|Year : 2019 | Volume
| Issue : 2 | Page : 122-124
Chronic painless stanford type a aortic dissection involving whole of the aorta in an elderly female
Kunal Mahajan, Rajeev Bhardwaj, Sachin Sondhi
Department of Cardiology, Indira Gandhi Medical College and Hospital, Shimla, Himachal Pradesh, India
|Date of Submission||19-Mar-2019|
|Date of Decision||13-May-2019|
|Date of Acceptance||31-May-2019|
|Date of Web Publication||19-Aug-2019|
Department of Cardiology, Indira Gandhi Medical College and Hospital, Shimla - 171 001, Himachal Pradesh
Source of Support: None, Conflict of Interest: None
Stanford type A aortic dissection (AD) is a rapidly progressive disease associated with a very high mortality rate, especially in the absence of emergent surgical repair. However, very rarely, few cases remain undiagnosed in acute phase because of atypical or absent symptoms. We present such an atypical case of a chronic painless type A AD in an elderly female, who is still surviving at 6 months follow-up without any surgical/catheter-based intervention. This case emphasizes that chronic type A ADs have different natural history and could potentially be managed differently from the acute lesions.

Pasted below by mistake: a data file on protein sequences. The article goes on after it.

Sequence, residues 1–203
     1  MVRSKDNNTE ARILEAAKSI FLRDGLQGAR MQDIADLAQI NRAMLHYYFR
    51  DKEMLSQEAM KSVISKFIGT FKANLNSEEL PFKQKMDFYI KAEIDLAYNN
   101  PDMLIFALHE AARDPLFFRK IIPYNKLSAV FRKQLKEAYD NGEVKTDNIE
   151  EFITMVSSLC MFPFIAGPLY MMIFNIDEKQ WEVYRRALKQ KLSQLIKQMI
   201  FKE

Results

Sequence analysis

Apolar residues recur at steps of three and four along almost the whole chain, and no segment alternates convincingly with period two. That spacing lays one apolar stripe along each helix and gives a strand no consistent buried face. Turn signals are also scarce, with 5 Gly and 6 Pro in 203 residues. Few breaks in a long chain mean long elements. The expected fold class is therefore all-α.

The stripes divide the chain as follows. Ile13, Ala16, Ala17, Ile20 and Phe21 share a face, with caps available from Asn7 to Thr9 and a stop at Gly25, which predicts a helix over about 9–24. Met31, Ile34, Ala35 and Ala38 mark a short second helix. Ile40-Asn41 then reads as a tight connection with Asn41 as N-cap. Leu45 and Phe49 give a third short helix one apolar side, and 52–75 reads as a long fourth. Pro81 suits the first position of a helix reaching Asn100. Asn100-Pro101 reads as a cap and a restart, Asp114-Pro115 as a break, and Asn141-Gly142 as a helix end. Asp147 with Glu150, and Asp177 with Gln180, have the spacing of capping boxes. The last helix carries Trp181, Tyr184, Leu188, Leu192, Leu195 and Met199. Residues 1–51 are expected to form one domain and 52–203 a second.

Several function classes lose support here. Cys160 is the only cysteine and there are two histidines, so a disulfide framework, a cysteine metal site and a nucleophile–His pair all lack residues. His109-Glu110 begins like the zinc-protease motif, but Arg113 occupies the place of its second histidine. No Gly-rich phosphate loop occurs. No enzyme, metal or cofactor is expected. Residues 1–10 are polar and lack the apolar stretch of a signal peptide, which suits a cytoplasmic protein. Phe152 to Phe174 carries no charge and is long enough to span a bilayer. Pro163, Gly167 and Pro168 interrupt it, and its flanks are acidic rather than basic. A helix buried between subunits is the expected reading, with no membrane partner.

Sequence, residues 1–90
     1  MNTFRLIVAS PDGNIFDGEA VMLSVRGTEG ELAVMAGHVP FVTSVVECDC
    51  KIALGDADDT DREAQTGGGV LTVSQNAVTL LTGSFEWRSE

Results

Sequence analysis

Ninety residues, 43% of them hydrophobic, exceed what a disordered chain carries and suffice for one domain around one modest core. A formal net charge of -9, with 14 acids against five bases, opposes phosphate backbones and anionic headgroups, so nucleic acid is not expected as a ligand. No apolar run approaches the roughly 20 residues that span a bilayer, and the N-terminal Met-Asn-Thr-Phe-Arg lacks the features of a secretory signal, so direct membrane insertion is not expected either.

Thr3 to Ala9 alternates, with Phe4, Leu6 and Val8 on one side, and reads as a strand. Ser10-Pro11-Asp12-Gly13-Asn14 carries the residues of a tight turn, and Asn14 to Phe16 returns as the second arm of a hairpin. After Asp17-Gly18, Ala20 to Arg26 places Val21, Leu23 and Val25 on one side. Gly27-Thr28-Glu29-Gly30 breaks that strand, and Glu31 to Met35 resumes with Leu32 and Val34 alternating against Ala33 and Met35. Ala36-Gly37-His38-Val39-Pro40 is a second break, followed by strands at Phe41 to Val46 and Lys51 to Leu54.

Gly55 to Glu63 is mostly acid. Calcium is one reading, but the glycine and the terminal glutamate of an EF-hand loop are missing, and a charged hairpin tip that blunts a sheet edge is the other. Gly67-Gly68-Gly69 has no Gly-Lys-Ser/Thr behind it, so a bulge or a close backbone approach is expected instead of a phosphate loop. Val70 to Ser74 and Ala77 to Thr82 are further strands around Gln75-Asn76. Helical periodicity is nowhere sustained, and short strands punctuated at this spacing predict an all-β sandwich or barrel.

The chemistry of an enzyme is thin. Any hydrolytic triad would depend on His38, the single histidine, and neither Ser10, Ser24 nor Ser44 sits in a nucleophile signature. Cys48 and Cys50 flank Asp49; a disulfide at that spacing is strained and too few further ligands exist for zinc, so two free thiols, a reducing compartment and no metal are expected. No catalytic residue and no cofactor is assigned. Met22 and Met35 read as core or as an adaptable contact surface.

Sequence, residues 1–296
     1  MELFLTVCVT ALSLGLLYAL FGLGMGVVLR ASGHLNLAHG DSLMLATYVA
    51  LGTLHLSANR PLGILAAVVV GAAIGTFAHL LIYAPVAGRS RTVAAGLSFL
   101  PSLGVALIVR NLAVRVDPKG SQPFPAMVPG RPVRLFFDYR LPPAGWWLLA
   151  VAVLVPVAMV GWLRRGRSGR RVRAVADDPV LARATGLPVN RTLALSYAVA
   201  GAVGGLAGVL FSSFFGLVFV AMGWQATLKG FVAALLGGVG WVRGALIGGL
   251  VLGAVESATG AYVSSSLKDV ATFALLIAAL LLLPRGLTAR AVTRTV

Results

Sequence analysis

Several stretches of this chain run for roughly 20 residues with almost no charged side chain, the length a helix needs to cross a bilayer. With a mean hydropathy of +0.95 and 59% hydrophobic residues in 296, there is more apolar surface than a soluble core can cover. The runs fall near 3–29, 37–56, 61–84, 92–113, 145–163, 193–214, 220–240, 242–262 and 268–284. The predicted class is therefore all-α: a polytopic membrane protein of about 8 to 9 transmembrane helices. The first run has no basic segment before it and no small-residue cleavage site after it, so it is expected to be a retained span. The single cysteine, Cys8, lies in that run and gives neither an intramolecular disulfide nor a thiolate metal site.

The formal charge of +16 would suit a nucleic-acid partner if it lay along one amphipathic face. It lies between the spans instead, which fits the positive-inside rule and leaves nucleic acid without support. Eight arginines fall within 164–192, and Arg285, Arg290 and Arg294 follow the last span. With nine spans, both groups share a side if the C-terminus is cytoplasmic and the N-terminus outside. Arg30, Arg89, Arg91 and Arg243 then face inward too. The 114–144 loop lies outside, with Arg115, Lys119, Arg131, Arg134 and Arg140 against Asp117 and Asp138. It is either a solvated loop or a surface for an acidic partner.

Keywords: Aortic dissection, chronic, painless, Stanford type A
|How to cite this article:|
Mahajan K, Bhardwaj R, Sondhi S. Chronic painless stanford type a aortic dissection involving whole of the aorta in an elderly female. J Pract Cardiovasc Sci 2019;5:122-4
|How to cite this URL:|
Mahajan K, Bhardwaj R, Sondhi S. Chronic painless stanford type a aortic dissection involving whole of the aorta in an elderly female. J Pract Cardiovasc Sci [serial online] 2019 [cited 2022 Jan 29];5:122-4. Available from: https://www.j-pcs.org/text.asp?2019/5/2/122/264620
| Introduction|| |